There’s a great scene in Christopher Nolan’s first Batman movie – Batman Begins. Bruce Wayne is talking about being a symbol that will strike fear into the hearts of the evil men of Gotham. And his loyal friend and mentor Alfred inquires, “Why bats, Master Wayne?” Bruce replies, “Bats frighten me. It’s time my enemies share my dread.” He’s remembering the scene early in the film when he falls into an underground cavern filled with bats.
But Bruce Wayne – and criminals – aren’t alone. While most people don’t suffer from full-blown Chiroptophobia, we do see them as odd, creepy or, yes, dreadful. We worry that they have a disease or will bite us and suck our blood.
The oldest stories of evil bats date back to the Mayan culture. Their ‘death bat god’ was named Camazotz and was unsettling enough that Madeleine L’Engle borrowed the name for the source of evil in her Wrinkle in Time books. Camazotz also has a brief cameo in Godzilla: King of the Monsters. Of course, we all know the legend of Bram Stoker’s famous vampire – and he drew on some of the oldest European myths of such creatures capable of shape shifting into bats.
Part of the perception, we are sure, comes from people referring to bats as flying mice – but in many ways bats are closer to humans than they are to rodents. And their nocturnal nature doesn’t help either – we learn early to fear things that move around at night.
Despite all the bad press bats get, they’re actually helpful to humans. Just ask anyone in Texas. People complain about mosquitoes here in Florida – but they’re much worse in the Lone Star State. Or they would be if the thousands of bats that live there didn’t eat more than their weight in the true blood suckers every night. The famous Congress Bridge bats in Austin consume some 20-30 thousand pounds of insects on each night flight.
Bats also help us with food production. Bananas, avocadoes, dates, mangoes and the Agave sweetener some folks like to put in their coffee, along with some 700 other plants, are all pollinated by bats.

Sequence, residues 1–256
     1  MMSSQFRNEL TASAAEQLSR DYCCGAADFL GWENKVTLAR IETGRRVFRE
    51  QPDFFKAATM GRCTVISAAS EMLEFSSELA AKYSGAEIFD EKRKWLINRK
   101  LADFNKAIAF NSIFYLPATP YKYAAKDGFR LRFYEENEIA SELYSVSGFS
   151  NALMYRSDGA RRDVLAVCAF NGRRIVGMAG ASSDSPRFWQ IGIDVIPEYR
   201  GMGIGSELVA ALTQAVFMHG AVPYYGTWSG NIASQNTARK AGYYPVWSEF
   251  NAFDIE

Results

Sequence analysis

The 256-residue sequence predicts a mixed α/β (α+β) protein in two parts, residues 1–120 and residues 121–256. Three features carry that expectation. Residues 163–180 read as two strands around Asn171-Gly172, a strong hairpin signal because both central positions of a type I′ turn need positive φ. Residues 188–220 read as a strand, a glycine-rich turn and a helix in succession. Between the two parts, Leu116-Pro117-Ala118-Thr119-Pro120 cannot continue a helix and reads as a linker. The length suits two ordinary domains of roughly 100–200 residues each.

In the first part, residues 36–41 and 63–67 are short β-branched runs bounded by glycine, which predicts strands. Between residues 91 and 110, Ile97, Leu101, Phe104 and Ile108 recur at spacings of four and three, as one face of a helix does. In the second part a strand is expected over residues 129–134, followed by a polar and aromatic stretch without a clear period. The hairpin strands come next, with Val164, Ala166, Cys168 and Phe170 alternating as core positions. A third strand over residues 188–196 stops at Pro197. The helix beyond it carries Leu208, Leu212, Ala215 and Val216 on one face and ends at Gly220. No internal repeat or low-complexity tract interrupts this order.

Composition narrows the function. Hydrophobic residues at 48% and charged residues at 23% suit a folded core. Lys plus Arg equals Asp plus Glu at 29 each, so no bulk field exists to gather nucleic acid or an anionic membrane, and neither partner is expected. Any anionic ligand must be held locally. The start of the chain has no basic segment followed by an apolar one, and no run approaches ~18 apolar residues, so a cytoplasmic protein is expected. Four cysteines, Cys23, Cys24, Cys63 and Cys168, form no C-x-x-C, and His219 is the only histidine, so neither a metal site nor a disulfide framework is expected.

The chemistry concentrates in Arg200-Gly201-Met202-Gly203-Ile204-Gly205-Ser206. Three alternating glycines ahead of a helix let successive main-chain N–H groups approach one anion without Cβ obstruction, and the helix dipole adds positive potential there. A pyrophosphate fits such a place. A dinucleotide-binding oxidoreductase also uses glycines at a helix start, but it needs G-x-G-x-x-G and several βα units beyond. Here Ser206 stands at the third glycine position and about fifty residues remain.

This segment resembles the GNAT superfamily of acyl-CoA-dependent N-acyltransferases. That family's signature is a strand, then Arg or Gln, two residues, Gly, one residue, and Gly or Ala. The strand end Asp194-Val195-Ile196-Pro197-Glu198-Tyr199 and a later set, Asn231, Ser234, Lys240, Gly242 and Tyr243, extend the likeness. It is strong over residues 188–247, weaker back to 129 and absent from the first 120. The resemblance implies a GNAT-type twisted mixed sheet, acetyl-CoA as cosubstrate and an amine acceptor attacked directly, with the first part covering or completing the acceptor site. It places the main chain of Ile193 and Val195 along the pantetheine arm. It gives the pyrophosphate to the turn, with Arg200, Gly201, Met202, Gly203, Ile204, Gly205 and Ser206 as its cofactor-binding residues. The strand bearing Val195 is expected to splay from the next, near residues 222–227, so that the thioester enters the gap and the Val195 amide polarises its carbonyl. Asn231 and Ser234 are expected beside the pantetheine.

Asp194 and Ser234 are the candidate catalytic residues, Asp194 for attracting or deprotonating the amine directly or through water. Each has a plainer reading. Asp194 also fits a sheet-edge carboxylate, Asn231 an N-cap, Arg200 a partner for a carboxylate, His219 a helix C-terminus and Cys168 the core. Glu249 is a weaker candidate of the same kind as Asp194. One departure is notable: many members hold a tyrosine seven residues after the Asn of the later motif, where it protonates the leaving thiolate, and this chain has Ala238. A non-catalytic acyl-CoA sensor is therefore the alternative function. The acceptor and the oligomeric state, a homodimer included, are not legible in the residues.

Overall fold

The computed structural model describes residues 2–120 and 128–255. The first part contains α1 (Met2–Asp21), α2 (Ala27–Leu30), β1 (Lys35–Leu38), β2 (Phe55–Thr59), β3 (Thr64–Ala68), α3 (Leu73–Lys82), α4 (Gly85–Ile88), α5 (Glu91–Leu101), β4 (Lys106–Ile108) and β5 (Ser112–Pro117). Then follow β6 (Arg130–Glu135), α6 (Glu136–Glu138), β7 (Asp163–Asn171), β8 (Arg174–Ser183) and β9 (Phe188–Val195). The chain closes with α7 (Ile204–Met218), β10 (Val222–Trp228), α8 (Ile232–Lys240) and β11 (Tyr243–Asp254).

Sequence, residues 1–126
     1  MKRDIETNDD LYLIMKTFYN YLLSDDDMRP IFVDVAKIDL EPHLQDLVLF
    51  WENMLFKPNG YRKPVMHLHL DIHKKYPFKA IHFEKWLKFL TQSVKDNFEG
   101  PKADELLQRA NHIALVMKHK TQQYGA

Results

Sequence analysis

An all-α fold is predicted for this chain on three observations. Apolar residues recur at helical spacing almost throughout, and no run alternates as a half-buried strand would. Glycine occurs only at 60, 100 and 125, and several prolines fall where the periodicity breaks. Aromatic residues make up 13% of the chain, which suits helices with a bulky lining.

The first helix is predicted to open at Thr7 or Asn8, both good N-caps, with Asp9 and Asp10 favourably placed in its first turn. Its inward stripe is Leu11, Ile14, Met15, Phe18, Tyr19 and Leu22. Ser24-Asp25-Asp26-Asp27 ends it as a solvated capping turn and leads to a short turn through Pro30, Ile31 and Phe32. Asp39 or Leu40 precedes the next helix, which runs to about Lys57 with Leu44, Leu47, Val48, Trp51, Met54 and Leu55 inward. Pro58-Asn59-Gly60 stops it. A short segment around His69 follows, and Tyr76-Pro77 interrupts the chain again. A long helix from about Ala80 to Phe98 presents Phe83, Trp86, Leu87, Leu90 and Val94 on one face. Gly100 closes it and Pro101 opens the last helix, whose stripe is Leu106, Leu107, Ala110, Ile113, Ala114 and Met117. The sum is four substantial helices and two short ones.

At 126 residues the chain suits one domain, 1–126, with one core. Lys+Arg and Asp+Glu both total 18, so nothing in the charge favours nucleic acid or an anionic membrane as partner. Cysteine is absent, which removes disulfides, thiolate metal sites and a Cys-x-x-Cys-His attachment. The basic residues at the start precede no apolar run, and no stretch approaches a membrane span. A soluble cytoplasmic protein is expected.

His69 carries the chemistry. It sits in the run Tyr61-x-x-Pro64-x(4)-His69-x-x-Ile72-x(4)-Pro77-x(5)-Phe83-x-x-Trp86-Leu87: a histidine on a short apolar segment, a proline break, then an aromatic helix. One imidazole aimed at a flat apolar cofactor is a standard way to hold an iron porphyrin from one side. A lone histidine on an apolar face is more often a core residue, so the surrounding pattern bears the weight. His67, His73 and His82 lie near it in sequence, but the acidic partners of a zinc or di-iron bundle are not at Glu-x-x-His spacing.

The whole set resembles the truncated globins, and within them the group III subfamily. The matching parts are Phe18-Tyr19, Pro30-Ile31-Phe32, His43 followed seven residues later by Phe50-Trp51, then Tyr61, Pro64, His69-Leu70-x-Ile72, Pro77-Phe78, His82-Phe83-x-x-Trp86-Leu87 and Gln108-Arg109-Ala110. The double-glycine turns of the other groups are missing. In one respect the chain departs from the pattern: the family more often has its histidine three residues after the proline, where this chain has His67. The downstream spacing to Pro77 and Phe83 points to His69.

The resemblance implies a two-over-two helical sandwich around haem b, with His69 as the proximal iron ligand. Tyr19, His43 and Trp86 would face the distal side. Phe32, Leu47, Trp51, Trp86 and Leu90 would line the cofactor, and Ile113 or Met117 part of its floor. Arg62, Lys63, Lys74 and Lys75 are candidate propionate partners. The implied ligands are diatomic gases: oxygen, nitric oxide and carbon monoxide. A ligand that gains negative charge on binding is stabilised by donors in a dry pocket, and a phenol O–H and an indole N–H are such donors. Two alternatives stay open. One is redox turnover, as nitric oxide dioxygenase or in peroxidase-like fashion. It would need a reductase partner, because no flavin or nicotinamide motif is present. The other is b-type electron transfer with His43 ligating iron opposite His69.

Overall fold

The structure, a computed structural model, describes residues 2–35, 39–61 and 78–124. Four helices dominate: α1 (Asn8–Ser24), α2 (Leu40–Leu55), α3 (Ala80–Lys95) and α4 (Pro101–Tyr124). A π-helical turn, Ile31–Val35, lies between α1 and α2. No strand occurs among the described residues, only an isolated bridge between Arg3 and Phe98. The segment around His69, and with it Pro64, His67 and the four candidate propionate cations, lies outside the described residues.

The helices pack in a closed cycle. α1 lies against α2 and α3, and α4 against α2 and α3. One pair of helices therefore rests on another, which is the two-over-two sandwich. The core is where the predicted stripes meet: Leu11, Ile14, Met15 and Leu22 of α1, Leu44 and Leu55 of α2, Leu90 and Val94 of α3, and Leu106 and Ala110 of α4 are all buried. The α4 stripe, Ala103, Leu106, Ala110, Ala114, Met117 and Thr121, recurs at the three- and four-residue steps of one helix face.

Vampire bat saliva is a key ingredient in Draculin, a drug that helps blood flow in people who’ve suffered strokes. And bat DNA may be the key to solving some of the long-term issues with malaria.
In addition to pollination, bats help disperse trees and other plants, especially in the Amazon rain forests. The bats eat the fruit, and as they range far and wide across the land, they poop out the seeds in new places.
And speaking of poop – bat guano is a fantastic natural fertilizer! You can even buy it for your gardening needs!
It’s no wonder bats get granted some protected status as a valuable, but endangered, species in many states.
Today, April 15, is the first day of Bat Maternity Season in Florida. That means until August 15th if you encounter a bat in your home or office, or anywhere on your property, you have to leave them be. They’re even protected outside of their gestation time.
Pest control professionals don’t eliminate bats, we exclude them – which means we use humane methods to relocate the bats. But, again, even that is suspended for the next four months. It’s just too dangerous for the mothers and their offspring to move them during this time.
Hopefully, you now see the beauty of having bats around, serving us in their own way. Much better than the mosquitoes that we love to hate, although mosquitoes have their place in God’s ecosystem plan for our earth too. That’s why we use our exclusive Mosquito Protection Program to turn the biting momma mosquitoes into vegans.
If you’d like more information about Bat Maternity Season, or buying our backyard mosquito No Bite Zones, just give us a call!« Back to Blog
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